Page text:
Cajamarca creates their first Regional Conservation Area, protecting one of the most biodiverse places on the planet.
Nature and Culture created a new protected area in the Peruvian Andes this week. Bosques El Chaupe, Cunía and Chinchiquilla (Chaupe) is the first Regional Conservation Area established in Cajamarca, Peru.
Spanning 54,000 acres, Chaupe protects montane forests and paramo grasslands within one of the most biodiverse places on our planet – the Tropical Andes. This global hotspot is known for its extensive flora and fauna and unmatched levels of endemism (species found nowhere else on Earth). Wildlife found in the new protected area include nearly 200 species of birds, the threatened spectacled bear, and Pholidobolus ulisesi– a species of lizard that is new to science!
Chaupe is home to 180 species of birds.
Chaupe will also safeguard critical freshwater basins for local populations. San Ignacio Province, located in Cajamarca, relies on these water sources for potable water and economic activities such as coffee production.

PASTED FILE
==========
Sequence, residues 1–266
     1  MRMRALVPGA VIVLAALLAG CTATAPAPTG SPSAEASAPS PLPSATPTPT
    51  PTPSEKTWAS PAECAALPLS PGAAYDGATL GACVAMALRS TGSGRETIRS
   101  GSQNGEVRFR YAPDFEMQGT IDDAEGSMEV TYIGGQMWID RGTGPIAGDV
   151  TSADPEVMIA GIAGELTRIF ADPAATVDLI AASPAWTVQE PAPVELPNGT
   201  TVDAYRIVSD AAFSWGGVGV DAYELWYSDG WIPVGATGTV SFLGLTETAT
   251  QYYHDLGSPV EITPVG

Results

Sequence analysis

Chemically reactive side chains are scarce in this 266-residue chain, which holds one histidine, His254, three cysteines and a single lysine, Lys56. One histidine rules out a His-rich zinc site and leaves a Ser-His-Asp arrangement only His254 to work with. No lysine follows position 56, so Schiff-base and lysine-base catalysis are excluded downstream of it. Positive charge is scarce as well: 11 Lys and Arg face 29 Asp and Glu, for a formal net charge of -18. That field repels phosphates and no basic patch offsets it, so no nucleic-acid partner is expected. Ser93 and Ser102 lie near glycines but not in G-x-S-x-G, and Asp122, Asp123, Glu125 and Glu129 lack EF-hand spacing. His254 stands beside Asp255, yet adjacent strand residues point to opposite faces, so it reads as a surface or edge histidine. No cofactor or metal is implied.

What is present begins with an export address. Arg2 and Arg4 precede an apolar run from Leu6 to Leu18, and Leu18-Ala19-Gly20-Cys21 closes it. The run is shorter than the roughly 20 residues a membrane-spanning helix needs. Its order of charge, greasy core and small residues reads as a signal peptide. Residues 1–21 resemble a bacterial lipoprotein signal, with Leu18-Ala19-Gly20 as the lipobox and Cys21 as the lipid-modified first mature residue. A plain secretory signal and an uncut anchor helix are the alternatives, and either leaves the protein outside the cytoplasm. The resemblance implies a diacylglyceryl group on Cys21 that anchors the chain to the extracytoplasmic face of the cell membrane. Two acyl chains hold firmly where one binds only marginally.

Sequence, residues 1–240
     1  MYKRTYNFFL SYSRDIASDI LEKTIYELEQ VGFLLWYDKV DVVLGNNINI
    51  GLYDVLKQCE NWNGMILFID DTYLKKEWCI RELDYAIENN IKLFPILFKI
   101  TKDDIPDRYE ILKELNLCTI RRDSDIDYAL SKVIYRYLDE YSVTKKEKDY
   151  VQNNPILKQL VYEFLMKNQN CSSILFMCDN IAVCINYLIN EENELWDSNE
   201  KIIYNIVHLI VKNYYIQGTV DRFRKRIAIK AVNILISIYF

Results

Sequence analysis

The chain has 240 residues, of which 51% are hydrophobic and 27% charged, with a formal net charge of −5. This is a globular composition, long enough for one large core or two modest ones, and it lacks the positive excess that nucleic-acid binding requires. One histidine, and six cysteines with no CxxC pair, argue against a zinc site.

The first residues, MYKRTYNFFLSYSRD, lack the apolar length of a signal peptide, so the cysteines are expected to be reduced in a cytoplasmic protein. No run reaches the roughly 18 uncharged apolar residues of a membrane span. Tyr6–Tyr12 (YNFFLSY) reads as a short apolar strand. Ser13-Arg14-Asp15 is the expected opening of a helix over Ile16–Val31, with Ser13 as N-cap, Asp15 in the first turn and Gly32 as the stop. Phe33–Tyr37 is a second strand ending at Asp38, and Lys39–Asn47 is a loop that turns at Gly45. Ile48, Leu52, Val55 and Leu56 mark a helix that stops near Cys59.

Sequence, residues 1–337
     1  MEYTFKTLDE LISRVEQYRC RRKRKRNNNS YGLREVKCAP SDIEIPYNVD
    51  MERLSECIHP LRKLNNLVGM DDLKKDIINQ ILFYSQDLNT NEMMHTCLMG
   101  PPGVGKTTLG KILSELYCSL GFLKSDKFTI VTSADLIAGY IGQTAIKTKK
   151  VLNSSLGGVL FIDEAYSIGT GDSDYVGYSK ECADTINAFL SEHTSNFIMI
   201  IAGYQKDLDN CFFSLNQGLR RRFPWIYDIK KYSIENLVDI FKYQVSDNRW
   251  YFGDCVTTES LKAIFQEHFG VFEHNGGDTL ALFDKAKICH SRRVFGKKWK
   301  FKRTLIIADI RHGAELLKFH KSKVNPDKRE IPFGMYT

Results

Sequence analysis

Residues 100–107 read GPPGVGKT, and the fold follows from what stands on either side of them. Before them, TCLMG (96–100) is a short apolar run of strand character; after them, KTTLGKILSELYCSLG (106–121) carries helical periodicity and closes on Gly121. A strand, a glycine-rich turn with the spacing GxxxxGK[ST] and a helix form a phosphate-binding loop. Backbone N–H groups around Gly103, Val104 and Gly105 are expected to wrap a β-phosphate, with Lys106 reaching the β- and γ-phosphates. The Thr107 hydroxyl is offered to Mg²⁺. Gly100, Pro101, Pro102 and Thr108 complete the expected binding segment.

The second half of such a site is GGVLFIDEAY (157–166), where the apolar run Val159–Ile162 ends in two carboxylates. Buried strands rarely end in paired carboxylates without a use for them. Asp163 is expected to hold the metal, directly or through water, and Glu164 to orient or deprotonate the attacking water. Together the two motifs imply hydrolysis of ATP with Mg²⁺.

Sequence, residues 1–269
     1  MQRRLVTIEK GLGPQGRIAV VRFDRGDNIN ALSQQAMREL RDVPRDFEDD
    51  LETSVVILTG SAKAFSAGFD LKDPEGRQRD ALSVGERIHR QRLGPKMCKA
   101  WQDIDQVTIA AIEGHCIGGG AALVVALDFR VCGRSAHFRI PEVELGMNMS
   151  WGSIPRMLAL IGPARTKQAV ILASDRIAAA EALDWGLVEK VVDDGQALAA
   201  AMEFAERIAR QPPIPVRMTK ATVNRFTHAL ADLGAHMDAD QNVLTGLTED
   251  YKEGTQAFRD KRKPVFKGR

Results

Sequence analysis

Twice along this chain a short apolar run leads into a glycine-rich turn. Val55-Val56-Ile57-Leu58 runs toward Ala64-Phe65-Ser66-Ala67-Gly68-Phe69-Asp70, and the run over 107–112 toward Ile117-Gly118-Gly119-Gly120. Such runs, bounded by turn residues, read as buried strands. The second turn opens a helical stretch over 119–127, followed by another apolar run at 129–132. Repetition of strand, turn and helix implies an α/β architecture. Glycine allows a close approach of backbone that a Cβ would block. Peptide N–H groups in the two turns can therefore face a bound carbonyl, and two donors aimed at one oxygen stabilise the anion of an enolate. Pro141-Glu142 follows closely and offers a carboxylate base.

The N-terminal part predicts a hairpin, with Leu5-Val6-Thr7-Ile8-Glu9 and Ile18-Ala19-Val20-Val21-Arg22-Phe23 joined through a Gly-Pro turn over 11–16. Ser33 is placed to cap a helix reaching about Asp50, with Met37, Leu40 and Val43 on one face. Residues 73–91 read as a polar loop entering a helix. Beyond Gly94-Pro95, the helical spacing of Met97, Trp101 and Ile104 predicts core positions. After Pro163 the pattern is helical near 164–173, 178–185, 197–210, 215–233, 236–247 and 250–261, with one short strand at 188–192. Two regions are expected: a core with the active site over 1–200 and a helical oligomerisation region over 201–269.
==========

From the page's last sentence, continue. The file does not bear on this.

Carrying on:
“This is the first regional conservation area in Cajamarca, it marks an important milestone to achieve the effective conservation of natural resources that exist in the region, and ensure the ecosystem services it provides to the local population,” said Iván Mejía, Nature and Culture’s Coordinator in the Andes.
The population of San Ignacio relies on these water sources.
Local communities played a leading role in the declaration process, supporting Nature and Culture and committing to sustainable productive activities. This area was also supported by the Cajamarca Regional Government, Peru’s Natural Protected Area’s Service, the Municipality of San Ignacio, and Andes Amazon Fund.
“This is the beginning of a long road of participatory management, with the regional government, civil society, non-governmental organizations and local population. We must unite to achieve the conservation objectives of our [Conservation Area],” said Mesías Guevara, regional governor of Cajamarca.
This area will protect 54,039 acres (21,869 hectares) of montane forests and paramos.
Nature and Culture is grateful to our donors for making this achievement possible! We hope that this bit of good news inspires you to continue fighting for nature and culture.
Learn more about our work in the Andes here.